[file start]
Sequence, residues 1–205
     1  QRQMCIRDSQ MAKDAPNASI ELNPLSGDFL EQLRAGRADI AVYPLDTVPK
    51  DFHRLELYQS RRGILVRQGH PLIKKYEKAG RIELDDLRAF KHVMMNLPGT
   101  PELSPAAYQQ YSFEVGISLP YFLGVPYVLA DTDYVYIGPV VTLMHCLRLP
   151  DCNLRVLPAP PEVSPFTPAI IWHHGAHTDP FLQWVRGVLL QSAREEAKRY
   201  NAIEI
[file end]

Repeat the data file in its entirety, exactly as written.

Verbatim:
Sequence, residues 1–205
     1  QRQMCIRDSQ MAKDAPNASI ELNPLSGDFL EQLRAGRADI AVYPLDTVPK
    51  DFHRLELYQS RRGILVRQGH PLIKKYEKAG RIELDDLRAF KHVMMNLPGT
   101  PELSPAAYQQ YSFEVGISLP YFLGVPYVLA DTDYVYIGPV VTLMHCLRLP
   151  DCNLRVLPAP PEVSPFTPAI IWHHGAHTDP FLQWVRGVLL QSAREEAKRY
   201  NAIEI